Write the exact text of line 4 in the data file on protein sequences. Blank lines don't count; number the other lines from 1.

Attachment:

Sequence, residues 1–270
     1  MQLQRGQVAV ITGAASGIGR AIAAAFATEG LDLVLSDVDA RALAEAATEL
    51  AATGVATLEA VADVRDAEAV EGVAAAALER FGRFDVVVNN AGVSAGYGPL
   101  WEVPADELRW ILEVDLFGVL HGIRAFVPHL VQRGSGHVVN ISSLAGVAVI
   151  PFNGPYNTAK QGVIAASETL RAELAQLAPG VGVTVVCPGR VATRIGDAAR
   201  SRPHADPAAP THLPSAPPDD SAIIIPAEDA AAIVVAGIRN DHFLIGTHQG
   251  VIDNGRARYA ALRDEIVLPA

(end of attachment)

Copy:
   101  WEVPADELRW ILEVDLFGVL HGIRAFVPHL VQRGSGHVVN ISSLAGVAVI